for the following property: `. . . computer equipment, electronic digital storage media included but not limited to floppy diskettes, compact disc, hard drives whether mounted in a computer or otherwise, video or audio tapes, video surveillance systems, video and digital camera systems, printing devices, monitors, firearms and any written and/or printed and/or electronic stored notes or records which would tend to identify criminal conduct and any personal papers or documents which tend to identify the owner, leasee or whomever has custody or control over the premises searched or the items seized.’
U.S. v. Rosa, supra. The opinion notes that while “the search warrant itself did not incorporate any supporting documents, or set forth the nature of the suspected criminal activity,” section A of the application said the property to be searched was evidence of three New York sex offenses and one firearms offense. U.S. v. Rosa, supra. It also notes that the materials presented to Judge Wells included an affidavit by Black that incorporated the statements made by the two boys and their mothers, and Rosa’s “New York criminal history and lack of a pistol permit.” U.S. v. Rosa, supra.
After the judge issued the warrant, at approximately 5:00 a.m. Blake and a team of
officers proceeded to Rosa’s apartment, and . . . executed the warrant. . . . [They] seized numerous items, including . . . six computers, multiple USB thumb drives, USB cables, a Sony Playstation, two digital cameras, multiple external hard drives, a cassette recorder, two USB cameras, numerous compact discs, a pair of handcuffs, condoms, three marijuana pipes, a handgun, ammunition, and over seventy grams of marijuana.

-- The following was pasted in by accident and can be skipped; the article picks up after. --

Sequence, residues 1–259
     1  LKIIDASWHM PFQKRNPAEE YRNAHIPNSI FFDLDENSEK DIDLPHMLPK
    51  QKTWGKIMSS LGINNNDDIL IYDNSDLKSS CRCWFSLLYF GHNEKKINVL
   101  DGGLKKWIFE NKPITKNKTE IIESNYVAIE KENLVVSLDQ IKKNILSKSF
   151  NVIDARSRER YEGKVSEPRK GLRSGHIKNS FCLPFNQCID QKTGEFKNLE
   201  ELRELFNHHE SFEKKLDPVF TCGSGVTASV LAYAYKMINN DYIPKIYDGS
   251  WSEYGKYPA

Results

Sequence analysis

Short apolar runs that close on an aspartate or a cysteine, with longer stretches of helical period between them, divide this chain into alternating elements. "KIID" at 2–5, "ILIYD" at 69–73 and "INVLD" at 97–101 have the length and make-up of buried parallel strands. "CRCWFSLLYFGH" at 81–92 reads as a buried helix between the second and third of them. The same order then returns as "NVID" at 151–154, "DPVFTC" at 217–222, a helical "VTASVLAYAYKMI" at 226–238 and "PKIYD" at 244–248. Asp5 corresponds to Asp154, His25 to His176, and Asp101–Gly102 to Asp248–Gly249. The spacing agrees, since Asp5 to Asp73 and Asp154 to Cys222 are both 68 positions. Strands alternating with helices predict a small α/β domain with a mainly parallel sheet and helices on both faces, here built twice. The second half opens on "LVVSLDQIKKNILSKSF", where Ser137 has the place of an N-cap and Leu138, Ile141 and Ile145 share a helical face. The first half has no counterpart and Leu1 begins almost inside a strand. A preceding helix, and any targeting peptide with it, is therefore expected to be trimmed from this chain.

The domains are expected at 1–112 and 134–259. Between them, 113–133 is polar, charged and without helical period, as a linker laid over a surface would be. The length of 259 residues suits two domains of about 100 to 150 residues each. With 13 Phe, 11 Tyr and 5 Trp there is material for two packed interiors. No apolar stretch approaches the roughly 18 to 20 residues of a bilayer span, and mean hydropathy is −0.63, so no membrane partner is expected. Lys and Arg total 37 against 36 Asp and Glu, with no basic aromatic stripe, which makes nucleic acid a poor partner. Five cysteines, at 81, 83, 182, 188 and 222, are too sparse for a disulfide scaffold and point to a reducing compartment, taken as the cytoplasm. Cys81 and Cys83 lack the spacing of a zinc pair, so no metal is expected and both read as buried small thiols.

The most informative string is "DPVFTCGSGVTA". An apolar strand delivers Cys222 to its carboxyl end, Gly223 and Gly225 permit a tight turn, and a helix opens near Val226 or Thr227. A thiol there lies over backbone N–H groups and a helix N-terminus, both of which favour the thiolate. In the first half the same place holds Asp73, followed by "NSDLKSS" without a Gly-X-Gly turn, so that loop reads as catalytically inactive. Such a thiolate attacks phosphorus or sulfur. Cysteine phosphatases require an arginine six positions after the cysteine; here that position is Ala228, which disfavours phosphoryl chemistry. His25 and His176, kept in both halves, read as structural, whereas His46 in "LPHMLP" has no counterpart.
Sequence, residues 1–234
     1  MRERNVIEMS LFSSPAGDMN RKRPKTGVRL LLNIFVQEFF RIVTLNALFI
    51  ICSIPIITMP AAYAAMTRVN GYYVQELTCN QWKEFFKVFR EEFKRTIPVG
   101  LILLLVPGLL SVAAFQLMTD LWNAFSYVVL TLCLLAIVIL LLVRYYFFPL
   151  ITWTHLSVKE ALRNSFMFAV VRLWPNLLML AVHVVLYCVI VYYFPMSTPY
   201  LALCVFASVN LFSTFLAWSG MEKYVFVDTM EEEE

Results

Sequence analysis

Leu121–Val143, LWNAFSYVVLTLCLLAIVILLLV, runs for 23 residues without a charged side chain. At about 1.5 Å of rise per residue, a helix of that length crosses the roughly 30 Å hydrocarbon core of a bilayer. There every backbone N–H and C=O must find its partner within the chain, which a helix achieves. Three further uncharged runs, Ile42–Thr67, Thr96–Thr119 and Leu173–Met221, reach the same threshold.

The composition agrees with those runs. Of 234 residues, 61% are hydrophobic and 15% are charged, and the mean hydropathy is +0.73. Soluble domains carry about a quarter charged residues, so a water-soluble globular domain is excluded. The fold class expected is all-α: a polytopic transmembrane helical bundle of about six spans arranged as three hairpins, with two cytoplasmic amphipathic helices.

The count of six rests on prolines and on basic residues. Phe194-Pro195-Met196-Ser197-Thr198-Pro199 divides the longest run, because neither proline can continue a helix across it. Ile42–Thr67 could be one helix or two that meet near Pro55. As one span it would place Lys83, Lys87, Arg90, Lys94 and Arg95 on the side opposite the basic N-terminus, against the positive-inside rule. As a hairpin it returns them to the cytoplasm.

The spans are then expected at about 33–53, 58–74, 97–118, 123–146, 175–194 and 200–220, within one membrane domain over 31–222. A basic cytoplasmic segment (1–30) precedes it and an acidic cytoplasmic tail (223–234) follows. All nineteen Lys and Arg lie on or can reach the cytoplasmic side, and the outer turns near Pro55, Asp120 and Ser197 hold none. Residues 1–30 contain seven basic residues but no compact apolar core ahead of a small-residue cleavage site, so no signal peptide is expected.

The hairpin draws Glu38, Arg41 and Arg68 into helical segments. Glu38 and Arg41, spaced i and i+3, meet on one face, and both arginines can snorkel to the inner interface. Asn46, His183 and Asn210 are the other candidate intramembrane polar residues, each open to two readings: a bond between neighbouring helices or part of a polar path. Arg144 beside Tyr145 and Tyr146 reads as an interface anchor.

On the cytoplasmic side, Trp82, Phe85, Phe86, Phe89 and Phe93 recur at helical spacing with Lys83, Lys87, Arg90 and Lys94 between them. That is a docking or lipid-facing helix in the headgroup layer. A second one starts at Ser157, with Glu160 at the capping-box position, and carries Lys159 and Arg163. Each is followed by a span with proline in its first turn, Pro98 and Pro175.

U.S. v. Rosa, supra. When the computers and “related storage media” were analyzed, investigators found “several thousand images and over a hundred videos of child pornography” plus images of Rosa “engaging in sexual conduct with each of the” boys who had complained about him to police. U.S. v. Rosa, supra.
After a grand jury indicted Rosa multiple counts of producing, attempting to receive and possessing child pornography, he moved to suppress “the physical evidence seized from his apartment.” U.S. v. Rosa, supra. In his motion, Rosa argued, among other things, that the search violated the 4th Amendment because “the warrant lacked particularity and was overbroad because it allowed for the seizure of any items that `would tend to identify criminal conduct.’” U.S. v. Rosa, supra.
After the trial judge denied his motion to suppress, Rosa pled guilty to 3 counts of producing child pornography and 1 count of witness tampering while reserving his right to appeal the denial of the motion to suppress. U.S. v. Rosa, supra. And he, of course, appealed.
On appeal, Rosa again argued that because the search warrant failed to state with
any level of particularity the specific criminal activity alleged or the type of digital evidence to be sought from the electronic items seized, [it] authorized the officers to conduct an unfettered search of the contents of his numerous electronic devices, any one of which might contain sensitive personal information unrelated to the suspected crimes of child pornography and child molestation. . . .